Straight Talk on Inversions

by Bill Henson on October 31, 2014

The corporate structuring transaction known as an “inversion” has been front and center recently regarding U.S. corporate tax policy. Corporate inversions typically involve the acquisition of a U.S. corporation by a foreign corporation, during which the U.S. corporation’s shareholders acquire a majority interest in the “acquiring” foreign corporation.

The transaction benefits corporate groups that earn a significant amount of their earnings outside the United States. The benefit arises from avoiding U.S. corporate tax on earnings generated abroad. In addition to having the highest corporate income tax rate in the world, the United States is also one of the few countries that taxes earnings that have already been taxed in a foreign jurisdiction. Virtually all developed countries, including the U.K. and Canada, allow for a tax exemption on earnings that have already been subject to tax abroad.

At one point in history, it was possible to carry out an inversion transaction tax free. However, then, as now, Congress did not look favorably upon inversions. Their opening legislative salvo rendered inversion transactions fully taxable at either the corporate or shareholder level, depending on how it was structured. Even so, many public companies found that their shareholders were either indifferent or in loss positions, and inversions continued. Another round of legislation was enacted in 2004 to further curb the practice.

A third wave of inversions has recently emerged, undaunted by congressional opprobrium and the economic burden of a fully taxable transaction. In response, the Treasury department announced a new series of rules designed to make these transactions even more unpalatable.

In light of these new rules, many business owners may wonder if an inversion will provide them any benefit. Understanding some of the major limitations of an inversion transaction may help you determine if an inversion will be beneficial.

  • The transaction is only beneficial to corporate groups that have significant non-U.S. operations (or expect to have significant non-U.S. operations).
  • An inversion transaction is fully taxable. The tax can be imposed at either the shareholder or the corporate level, depending on the steps taken to create the structure. Gain is calculated based on either the fair market value of the company shares or the company’s assets.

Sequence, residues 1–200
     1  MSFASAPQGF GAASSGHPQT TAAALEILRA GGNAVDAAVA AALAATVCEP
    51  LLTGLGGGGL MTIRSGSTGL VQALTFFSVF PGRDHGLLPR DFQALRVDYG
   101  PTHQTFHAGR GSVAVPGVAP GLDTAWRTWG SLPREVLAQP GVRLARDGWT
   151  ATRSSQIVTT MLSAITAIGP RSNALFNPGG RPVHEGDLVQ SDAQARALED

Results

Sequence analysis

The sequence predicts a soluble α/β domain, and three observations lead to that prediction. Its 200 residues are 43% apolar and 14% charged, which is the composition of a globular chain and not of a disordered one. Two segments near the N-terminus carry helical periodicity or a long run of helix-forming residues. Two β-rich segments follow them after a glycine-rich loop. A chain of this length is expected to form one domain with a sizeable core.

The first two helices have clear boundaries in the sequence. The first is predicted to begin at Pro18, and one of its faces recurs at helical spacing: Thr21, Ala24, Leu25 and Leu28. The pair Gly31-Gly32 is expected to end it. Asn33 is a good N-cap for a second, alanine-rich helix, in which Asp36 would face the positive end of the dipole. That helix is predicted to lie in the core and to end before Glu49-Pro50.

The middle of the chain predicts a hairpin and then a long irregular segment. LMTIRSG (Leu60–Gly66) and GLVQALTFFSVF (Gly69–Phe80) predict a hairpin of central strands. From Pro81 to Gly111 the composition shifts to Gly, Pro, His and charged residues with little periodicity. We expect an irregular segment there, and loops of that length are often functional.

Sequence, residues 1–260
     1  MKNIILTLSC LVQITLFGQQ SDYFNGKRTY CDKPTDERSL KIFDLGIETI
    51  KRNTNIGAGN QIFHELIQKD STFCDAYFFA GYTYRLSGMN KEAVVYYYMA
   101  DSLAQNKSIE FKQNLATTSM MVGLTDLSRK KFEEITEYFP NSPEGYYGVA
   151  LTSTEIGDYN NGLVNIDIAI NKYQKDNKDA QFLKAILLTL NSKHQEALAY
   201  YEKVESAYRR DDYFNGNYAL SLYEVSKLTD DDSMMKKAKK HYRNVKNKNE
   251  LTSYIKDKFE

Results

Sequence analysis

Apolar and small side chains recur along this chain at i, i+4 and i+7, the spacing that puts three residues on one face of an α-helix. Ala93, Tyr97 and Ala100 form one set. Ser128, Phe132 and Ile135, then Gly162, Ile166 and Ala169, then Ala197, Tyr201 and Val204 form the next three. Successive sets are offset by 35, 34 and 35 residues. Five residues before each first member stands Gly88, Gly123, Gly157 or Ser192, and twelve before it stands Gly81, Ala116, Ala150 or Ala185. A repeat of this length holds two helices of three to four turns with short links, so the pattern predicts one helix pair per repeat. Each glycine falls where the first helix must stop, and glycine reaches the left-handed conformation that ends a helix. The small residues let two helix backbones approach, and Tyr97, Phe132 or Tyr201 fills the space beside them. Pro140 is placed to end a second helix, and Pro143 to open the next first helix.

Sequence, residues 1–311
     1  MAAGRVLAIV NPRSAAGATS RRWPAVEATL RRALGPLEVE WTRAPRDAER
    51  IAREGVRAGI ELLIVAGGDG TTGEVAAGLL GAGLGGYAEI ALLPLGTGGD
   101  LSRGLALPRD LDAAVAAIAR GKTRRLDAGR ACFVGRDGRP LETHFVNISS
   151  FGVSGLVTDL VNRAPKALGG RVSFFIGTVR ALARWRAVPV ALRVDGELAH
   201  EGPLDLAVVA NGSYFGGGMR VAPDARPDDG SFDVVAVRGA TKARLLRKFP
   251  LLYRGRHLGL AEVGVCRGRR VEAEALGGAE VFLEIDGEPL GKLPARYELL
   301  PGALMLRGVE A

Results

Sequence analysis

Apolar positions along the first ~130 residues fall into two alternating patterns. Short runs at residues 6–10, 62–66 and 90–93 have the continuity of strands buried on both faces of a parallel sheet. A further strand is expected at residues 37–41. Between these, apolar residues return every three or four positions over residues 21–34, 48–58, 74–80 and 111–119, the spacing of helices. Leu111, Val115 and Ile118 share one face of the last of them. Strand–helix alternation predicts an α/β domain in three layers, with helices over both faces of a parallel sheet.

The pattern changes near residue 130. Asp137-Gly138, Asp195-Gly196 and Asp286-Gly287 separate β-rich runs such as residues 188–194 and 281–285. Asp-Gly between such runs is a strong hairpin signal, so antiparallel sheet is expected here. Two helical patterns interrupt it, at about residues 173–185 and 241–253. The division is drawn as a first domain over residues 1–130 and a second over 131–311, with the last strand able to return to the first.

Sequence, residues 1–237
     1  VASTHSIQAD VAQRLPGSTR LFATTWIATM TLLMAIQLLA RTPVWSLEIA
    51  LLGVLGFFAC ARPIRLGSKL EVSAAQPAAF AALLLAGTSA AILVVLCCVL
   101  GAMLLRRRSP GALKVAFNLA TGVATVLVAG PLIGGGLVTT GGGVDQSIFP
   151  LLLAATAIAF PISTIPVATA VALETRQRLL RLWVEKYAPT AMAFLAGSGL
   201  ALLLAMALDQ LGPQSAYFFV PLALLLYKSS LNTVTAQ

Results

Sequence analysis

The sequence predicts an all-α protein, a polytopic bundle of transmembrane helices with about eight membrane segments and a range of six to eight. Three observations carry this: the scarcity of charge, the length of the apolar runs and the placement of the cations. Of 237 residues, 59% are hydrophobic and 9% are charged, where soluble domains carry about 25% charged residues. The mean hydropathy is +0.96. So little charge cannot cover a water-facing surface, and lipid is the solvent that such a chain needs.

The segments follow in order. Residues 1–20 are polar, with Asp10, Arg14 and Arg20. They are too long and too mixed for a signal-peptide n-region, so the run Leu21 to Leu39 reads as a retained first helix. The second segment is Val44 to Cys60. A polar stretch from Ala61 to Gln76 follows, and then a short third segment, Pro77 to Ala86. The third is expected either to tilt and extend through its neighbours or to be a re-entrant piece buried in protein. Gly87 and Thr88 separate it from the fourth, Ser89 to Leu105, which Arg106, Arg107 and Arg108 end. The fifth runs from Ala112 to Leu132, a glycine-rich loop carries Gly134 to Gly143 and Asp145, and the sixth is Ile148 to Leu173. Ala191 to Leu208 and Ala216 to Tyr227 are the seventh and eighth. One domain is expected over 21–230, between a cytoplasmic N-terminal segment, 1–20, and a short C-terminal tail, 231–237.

• The existing U.S. company shareholders must accept at least a 20 percent dilution of their ownership (but they can retain majority ownership).
  • The benefits are significantly limited when the acquiring foreign corporation ends up owned more than 50 percent by U.S. shareholders who each have a 10 percent or greater interest.
  • The tax benefits only apply to earnings that are not repatriated to the United States.
  • The details of the latest round of anti-inversion rules have not yet been released. The new rules seem to be focused on limiting the ability to reduce the U.S. tax base of the “inverted” U.S. company and on limiting the ability of shifting the accumulated earnings of the foreign subsidiaries out from under the U.S. company (and the U.S. tax net).

If there are any current or future U.S. tax benefits after you take into consideration all of the above limitations, an inversion may be beneficial.

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Straight Talk on Inversions

by Bill Henson on October 10, 2014

The corporate structuring transaction known as an “inversion” has been front and center recently regarding U.S. corporate tax policy. Corporate inversions typically involve the acquisition of a U.S. corporation by a foreign corporation, during which the U.S. corporation’s shareholders acquire a majority interest in the “acquiring” foreign corporation. Read more at plantemoran.com.

If you have any further questions, please contact Bill Henson at 312-602-3635 or Bill.Henson@plantemoran.com.

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